Joke all you want to about MyNetworkTV's microscopic ratings. Then look closer.
What local media wouldn't want to be in their TV affiliates place -- in an extra-hot TV advertising market
where those stations don't get a broadcast network's or cable nework's usual number of minutes an hour of advertising time to sell?
They get a massive nine minutes -- with MyNetworkTV
getting five minutes to sell.
That kind of national/local advertising split -- as reported first by MediaDailyNews
in 2006 -- has stations quietly smiling. Sure, those Spanish-network style
telenovelas done in English flopped. But consider what has been happening this fourth quarter.
With the abundance of network makeover advertising inventory carried into this fourth
quarter, there is little inventory to sell at the networks. That's helped local stations tremendously - especially major market stations where national marketers can buy several markets deep, to
replicate - in part - some of their network media plans.
Lew Leone, general manager of MyNetworkTV-affiliate WWOR-TV, as well as Fox O&O WNYW-TV, told Variety
, "a lot of money that couldn't get placed on the (Big Four) networks" came to his stations.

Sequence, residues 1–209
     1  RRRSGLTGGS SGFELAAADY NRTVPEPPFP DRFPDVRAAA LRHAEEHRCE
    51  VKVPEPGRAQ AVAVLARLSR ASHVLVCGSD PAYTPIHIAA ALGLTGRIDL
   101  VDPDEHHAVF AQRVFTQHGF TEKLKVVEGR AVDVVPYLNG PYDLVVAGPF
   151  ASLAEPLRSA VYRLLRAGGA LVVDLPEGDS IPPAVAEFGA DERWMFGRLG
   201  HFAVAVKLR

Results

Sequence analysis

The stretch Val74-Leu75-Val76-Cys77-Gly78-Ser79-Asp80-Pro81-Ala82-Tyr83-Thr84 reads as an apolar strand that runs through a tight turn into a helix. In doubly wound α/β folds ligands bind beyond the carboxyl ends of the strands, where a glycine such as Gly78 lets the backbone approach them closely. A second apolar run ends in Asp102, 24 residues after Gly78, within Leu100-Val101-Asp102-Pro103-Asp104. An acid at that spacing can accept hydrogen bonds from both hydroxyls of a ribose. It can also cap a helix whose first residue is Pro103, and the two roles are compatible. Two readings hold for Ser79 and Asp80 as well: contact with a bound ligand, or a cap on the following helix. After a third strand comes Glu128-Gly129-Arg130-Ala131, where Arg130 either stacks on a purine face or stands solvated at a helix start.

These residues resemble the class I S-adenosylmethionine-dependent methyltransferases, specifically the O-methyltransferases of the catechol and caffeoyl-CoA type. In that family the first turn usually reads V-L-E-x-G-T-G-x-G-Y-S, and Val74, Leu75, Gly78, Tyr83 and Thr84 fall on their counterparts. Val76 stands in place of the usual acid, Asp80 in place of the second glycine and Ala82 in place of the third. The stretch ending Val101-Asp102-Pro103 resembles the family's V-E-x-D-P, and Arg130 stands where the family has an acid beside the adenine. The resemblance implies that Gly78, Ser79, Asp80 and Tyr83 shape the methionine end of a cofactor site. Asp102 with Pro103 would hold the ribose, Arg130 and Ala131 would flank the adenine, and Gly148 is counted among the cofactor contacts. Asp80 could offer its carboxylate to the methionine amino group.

There should be more to come. No matter what happens to MyNetworkTV next year -- in terms of program rating performance -- there should be an expected boom from marketers spending in and around the
Summer Olympics and an even bigger surge from an expected tidal wave of some $3 billion in media dollars from the political campaigns.
That means even if MyNetworkTV does even fractionally
better than this year, stations will be euphoric.
Of course the year afterward could be a different story -- especially when local TV advertising drifts into the lower sales trend line of
the two-year local TV advertising cycle. In down markets, having a lot of inventory isn't good, since it has a specific time-sensitive shelf life.
By then MyNetworkTV --- probably still
full of reality shows and celebrity documentaries, a hodgepodge of low-cost TV productions, kind of a poor man's E! and SpikeTV -- should be looking to bust out with bigger numbers. At least MyNetwork
owner News Corp. will be expecting that.
Otherwise MyNetworkTV will turn into the YouCanHaveItNetworkTV - something few TV marketers need in a digital age of hundreds -- or thousands --
of video options. If that happens, with all that extra local ad inventory, expect station executives to be using that time to run 30-second video resumes